Species constantly go extinct, and every species that is alive today will one day follow suit. There is no such thing as an "endangered species," except for all species.What weirds me out here is the lack of a phylogenetic perspective in a piece written by a systematist - species are discussed as individuals that pop out of thin air and then disappear again. Of course, in the very long run every species will one day go extinct when the sun expands and boils off the oceans. But until then, in the time frame that Pyron discussed, no, not every species will go extinct, quite a few of them will diversify and survive as numerous descendant species, as did the ancestor of all land vertebrates or the ancestor of all insects in the past. They thus become effectively immortal (until, once more, the sun explodes anyway, etc.).
Yet we are obsessed with reviving the status quo ante. The Paris Accords aim to hold the temperature to under two degrees Celsius above preindustrial levels, even though the temperature has been at least eight degrees Celsius warmer within the past 65 million years. Twenty-one thousand years ago, Boston was under an ice sheet a kilometer thick. We are near all-time lows for temperature and sea level ; whatever effort we make to maintain the current climate will eventually be overrun by the inexorable forces of space and geology.This is sadly a classic of climate change denialism. Yes, there was change in the past too, but there are some major differences. One is the rate of change - the impacts we are having are coming much faster than most natural changes (excepting e.g. meteorite strikes and similarly sudden events), so that animals and plants have less of a chance to migrate or to adapt than they had in past cycles of warm and ice ages. Second, they have even less of a chance to migrate because we have fragmented their available habitats by putting roads, towns, croplands and pastures into their way. Third, past changes did not affect a highly urbanised human population of more than seven billion people; the potential of global change producing catastrophic results even just for us is much greater now than when we were just a few million widely dispersed hunter-gatherers. So yes, it is true that we cannot freeze the status quo in place forever, but I think we would do well to slow the rate of change as far as possible.
Infectious diseases are most prevalent and virulent in the most diverse tropical areas. Nobody donates to campaigns to save HIV, Ebola, malaria, dengue and yellow fever, but these are key components of microbial biodiversity, as unique as pandas, elephants and orangutans, all of which are ostensibly endangered thanks to human interference.I just don't even. What is the logic here? "Nobody cares about conserving diseases that horribly kill us humans, so we should not care about conserving harmless pandas either?" How does that follow?
And if biodiversity is the goal of extinction fearmongers, how do they regard South Florida, where about 140 new reptile species accidentally introduced by the wildlife trade are now breeding successfully? No extinctions of native species have been recorded, and, at least anecdotally, most natives are still thriving. The ones that are endangered, such as gopher tortoises and indigo snakes , are threatened mostly by habitat destruction. Even if all the native reptiles in the Everglades, about 50, went extinct, the region would still be gaining 90 new species -- a biodiversity bounty. If they can adapt and flourish there, then evolution is promoting their success. If they outcompete the natives, extinction is doing its job.And this is perhaps what frustrates me most, because while this is not an uncommon argument against biosecurity measures one would expect a biologist to know about different types of biodiversity instead of confusing them. To explain more clearly what is going on, consider the following diagrams. First, we have three areas, roundland, squareland, and hexagonland, with two endemic species each.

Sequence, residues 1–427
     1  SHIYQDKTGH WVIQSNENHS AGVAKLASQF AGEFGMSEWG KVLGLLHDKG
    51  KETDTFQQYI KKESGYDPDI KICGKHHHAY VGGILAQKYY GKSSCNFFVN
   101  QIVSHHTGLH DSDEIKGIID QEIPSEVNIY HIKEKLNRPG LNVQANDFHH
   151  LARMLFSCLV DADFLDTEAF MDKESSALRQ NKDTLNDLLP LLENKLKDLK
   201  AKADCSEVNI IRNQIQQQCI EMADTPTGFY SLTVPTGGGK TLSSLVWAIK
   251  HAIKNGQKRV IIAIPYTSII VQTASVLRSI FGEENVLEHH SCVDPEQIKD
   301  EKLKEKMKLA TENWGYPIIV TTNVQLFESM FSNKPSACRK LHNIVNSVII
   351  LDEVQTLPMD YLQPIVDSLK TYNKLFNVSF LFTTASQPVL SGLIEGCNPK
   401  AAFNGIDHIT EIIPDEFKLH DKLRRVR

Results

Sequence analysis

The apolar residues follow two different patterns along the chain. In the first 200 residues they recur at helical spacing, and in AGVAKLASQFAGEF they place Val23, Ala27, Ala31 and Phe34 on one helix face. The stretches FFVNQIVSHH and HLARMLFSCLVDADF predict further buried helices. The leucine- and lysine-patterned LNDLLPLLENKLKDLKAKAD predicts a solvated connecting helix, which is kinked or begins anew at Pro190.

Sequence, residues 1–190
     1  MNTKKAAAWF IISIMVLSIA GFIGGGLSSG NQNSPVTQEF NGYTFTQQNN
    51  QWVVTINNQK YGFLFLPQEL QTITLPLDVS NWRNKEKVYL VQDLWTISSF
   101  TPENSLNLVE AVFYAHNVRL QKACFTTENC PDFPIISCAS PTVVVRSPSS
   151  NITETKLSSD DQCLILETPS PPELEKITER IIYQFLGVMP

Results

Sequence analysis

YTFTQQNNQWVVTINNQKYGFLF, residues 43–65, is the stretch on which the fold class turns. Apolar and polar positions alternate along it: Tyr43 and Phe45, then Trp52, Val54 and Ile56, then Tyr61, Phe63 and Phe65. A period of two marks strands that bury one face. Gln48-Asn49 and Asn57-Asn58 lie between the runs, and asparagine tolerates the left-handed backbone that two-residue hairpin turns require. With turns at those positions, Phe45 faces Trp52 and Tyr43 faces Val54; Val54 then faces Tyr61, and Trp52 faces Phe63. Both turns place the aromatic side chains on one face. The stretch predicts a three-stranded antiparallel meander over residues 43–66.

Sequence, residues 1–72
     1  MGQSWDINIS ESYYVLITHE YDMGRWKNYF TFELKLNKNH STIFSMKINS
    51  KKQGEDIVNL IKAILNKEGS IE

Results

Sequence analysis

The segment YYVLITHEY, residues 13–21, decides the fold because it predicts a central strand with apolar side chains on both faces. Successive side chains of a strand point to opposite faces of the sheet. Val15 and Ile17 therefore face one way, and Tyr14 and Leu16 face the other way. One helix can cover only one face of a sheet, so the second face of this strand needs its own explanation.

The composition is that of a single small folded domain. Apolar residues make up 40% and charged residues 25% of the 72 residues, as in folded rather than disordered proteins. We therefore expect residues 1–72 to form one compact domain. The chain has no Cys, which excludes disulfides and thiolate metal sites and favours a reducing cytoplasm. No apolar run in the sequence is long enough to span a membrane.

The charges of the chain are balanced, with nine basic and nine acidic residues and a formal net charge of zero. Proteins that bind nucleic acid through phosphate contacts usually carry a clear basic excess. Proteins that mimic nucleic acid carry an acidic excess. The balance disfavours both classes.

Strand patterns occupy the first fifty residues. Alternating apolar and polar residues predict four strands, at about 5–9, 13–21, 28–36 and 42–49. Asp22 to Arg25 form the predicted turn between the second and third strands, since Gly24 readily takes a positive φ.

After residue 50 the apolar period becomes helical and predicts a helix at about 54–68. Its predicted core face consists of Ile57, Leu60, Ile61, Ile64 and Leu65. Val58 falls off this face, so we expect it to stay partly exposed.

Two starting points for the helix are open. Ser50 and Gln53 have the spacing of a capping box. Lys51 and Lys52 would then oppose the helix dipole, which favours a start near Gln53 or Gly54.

Then humans recklessly move species between the areas, allowing them to invade each other's natural ranges. It turns out that three of the species are particularly competitive and prosper at the cost of the other three, driving them to extinction.
Now there are three types of diversity to consider. The first is alpha-diversity, which means simply the number of species in a given place. As we see it has gone up by 50% in all three areas, from two to three species. Yay, more diversity! This is what Pyron proudly points at in Florida.
What is lost, however, is beta-diversity or turnover, that is the heterogeneity you observe as you move between areas. It was very high originally, as every area had its unique species, but now it has been wiped out entirely. Beta-diversity in the second diagram is precisely zero. Under the first scenario a squarelander can go on a holiday trip to roundland and admire the unique flora of that part of the world; under the second scenario they will travel to roundland and merely see the same few weeds that they have growing in their own front yard back home. And the endemic plants of hexagonland have all gone extinct, a 100% loss of that area's irreplaceable evolutionary history.
(Note that beta-diversity would also be zero if all six species survived everywhere. But that is clearly not a realistic assumption, as it would require each area to have such a high carrying capacity that they should each have evolved more than two species to begin with. We would not expect that all the plant species of the world could survive next to each other in, say, Patagonia, even if they were all introduced there.)
Finally, in our example global diversity has of course also been reduced, by 50%. So yeah, great to have more alpha-diversity in Florida, but does that make up for a massive net loss in both beta-diversity and global diversity? The argument seems rather misguided.